Look-alikes: You’re not likely to run into any dangerous persimmon look-alikes. However, be aware that there are astringent (acorn-shaped) and non-astringent (tomato-shaped) varieties. You can eat the non-astringent types before they are ripe, but astringent persimmons must be left to ripen unless you don’t mind a stomachache.
3. Wild Carrot or Queen Anne’s Lace (Daucus Carota)
Queen Anne’s Lace flowers are not only stunning to look at and useful for natural dyes, but they are also edible. In the fall, you can dig up the roots and cook them like you would carrots; hence, the nickname Wild Carrot. The roots will bring an earthy and intense flavor to any dish you add them to.
Typical Characteristics: The Queen Anne’s Lace flower is identifiable by its hairy stems, long stalk, and umbrella-shaped clusters of tiny white blooms with a small red dot in the center. The petals form a flat top, and the white root smells distinctly of carrots.
Where to Look: Queen Anne’s Lace can be found almost worldwide and, in some states, is considered a weed. They usually grow in dry fields.
Preparation Ideas: Try to get younger roots, as older roots tend to be tougher. Peel the root and use it as you would carrots. It can be a lovely addition to a stew, soup, or bolognese. You can use the seeds to add additional flavor. You can dry and crush the roots for use as a coffee substitute, or use the flower heads to make jelly.
Look-alikes: Queen Anne’s Lace belongs to the same genus as hemlock, which is deadly. However, while Queen Anne’s lace has a green stem, the hemlock plant’s stem features purple blotches. The umbrella-shaped hemlock flower also has a slightly domed top rather than flat like Queen Anne’s Lace. If you’re not one hundred percent certain of its identification, don’t eat it.
We all know that squirrels love acorns, but did you know humans can eat them too? You’ll need to process them first, but there are tons of possibilities once you do.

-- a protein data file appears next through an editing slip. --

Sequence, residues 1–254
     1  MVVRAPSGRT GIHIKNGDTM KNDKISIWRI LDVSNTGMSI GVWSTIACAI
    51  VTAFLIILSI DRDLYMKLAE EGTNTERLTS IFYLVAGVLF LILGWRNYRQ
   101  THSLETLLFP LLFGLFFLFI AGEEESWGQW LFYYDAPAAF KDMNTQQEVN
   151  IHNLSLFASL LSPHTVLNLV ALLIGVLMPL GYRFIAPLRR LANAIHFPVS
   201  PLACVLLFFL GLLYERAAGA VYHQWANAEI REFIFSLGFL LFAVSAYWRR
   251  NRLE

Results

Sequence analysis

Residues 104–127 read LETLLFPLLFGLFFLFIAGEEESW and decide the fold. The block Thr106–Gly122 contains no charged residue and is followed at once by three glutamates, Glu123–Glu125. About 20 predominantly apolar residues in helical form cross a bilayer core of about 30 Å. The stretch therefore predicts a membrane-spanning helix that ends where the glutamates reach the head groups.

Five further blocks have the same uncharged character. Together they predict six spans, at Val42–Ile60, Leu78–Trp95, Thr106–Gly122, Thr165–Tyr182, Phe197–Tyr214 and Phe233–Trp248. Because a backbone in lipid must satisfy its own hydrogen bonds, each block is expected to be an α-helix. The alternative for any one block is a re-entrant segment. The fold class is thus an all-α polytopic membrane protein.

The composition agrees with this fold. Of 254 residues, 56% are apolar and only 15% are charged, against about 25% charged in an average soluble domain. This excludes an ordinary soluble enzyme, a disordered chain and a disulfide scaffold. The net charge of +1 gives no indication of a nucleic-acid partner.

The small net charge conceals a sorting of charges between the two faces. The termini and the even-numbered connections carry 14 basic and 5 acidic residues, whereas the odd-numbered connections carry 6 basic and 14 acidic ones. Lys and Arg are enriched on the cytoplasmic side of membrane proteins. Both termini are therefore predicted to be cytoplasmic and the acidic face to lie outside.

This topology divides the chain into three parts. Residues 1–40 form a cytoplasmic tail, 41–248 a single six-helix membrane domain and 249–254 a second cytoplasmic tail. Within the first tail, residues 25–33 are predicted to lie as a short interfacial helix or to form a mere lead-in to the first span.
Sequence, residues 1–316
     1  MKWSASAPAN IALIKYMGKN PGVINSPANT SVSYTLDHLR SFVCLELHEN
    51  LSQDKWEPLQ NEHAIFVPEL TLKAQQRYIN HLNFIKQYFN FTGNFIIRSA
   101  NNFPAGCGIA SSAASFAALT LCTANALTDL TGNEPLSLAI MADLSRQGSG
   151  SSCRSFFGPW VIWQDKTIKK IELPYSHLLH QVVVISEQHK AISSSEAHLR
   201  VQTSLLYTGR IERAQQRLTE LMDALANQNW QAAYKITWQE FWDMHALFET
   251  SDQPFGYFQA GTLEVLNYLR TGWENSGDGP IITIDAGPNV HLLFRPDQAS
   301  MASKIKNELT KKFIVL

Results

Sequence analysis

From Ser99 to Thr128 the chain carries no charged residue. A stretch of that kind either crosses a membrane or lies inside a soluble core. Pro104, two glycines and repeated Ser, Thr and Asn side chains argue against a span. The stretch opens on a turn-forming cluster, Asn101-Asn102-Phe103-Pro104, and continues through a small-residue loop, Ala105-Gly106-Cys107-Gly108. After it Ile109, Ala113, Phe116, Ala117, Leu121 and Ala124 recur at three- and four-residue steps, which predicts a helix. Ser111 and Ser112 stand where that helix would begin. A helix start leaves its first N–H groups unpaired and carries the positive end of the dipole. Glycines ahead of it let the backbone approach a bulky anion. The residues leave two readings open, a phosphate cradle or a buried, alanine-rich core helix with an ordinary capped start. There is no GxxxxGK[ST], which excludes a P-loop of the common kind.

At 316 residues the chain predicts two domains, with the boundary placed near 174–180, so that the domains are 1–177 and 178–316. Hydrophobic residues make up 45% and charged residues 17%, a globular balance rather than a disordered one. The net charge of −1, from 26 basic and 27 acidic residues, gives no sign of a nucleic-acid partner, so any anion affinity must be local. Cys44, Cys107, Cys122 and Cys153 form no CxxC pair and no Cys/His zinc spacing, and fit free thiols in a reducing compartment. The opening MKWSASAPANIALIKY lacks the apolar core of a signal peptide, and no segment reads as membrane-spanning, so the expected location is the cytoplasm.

Typical Characteristics: Acorns come from oak trees, and the type of oak tree determines the taste, protein content, and fat content of the acorn. If you’re out in the woods, pick up a few acorns and take a picture of the tree. When you start processing them, you can work out the type of tree and research how best to use them.
Where to Look: Head to your nearest oak tree and look down. The acorns are the small, pointed, hard, brown nuts at the base of the tree. Generally, as long as they are on the ground, they are ripe.
All varieties of acorns are edible, but some have higher levels of tannins than others, changing the taste.
Preparation Ideas: Before eating, you’ll need to sort, dry, shell, and leach the acorns. To sort them, place them in water and discard those that float. Dry the remaining acorns and use a hammer to remove the outer shell.
Last, you need to leach them to remove the tannins by soaking them in warm water and changing the water when it turns a dark brown color. You will need to repeat this step until the water runs clear.
After they’re leached, you can cut or grind the acorn meat for flour, soup, pancakes, or even cookies.
Look-alikes: You’re unlikely to mix up acorns with any other type of nut, but keep a lookout for acorns with tiny holes. Holes indicate the presence of insects. You can also mistake buckeyes for shell-less acorns. Buckeyes are poisonous, so only select acorns still in their shell for consumption.
Go Forth and Forage
Foraging wild edibles can be an exciting experience and an excellent way to find sustainable, local food. Just be sure to triple check that your foraged goods are definitely edible and not dangerous. Always bring along a guide book or photos as a backup.